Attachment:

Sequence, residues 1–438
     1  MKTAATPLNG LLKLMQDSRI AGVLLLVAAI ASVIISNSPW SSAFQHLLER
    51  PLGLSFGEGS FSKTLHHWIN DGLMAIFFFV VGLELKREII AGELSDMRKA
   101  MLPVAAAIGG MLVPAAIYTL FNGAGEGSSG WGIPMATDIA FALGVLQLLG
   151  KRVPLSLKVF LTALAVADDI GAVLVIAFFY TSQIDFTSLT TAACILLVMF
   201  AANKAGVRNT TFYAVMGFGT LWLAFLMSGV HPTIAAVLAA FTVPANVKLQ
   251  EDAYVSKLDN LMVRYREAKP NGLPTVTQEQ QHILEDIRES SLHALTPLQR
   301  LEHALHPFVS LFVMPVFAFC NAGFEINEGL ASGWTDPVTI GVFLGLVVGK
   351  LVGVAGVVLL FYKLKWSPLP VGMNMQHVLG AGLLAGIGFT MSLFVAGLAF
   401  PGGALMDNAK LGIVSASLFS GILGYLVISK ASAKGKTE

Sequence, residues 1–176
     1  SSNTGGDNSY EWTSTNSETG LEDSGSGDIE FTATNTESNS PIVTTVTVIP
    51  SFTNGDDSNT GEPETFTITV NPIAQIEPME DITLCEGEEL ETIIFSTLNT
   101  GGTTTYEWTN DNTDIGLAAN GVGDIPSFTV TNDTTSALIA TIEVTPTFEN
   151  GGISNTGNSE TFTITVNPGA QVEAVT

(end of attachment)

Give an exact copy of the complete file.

Sequence, residues 1–438
     1  MKTAATPLNG LLKLMQDSRI AGVLLLVAAI ASVIISNSPW SSAFQHLLER
    51  PLGLSFGEGS FSKTLHHWIN DGLMAIFFFV VGLELKREII AGELSDMRKA
   101  MLPVAAAIGG MLVPAAIYTL FNGAGEGSSG WGIPMATDIA FALGVLQLLG
   151  KRVPLSLKVF LTALAVADDI GAVLVIAFFY TSQIDFTSLT TAACILLVMF
   201  AANKAGVRNT TFYAVMGFGT LWLAFLMSGV HPTIAAVLAA FTVPANVKLQ
   251  EDAYVSKLDN LMVRYREAKP NGLPTVTQEQ QHILEDIRES SLHALTPLQR
   301  LEHALHPFVS LFVMPVFAFC NAGFEINEGL ASGWTDPVTI GVFLGLVVGK
   351  LVGVAGVVLL FYKLKWSPLP VGMNMQHVLG AGLLAGIGFT MSLFVAGLAF
   401  PGGALMDNAK LGIVSASLFS GILGYLVISK ASAKGKTE

Sequence, residues 1–176
     1  SSNTGGDNSY EWTSTNSETG LEDSGSGDIE FTATNTESNS PIVTTVTVIP
    51  SFTNGDDSNT GEPETFTITV NPIAQIEPME DITLCEGEEL ETIIFSTLNT
   101  GGTTTYEWTN DNTDIGLAAN GVGDIPSFTV TNDTTSALIA TIEVTPTFEN
   151  GGISNTGNSE TFTITVNPGA QVEAVT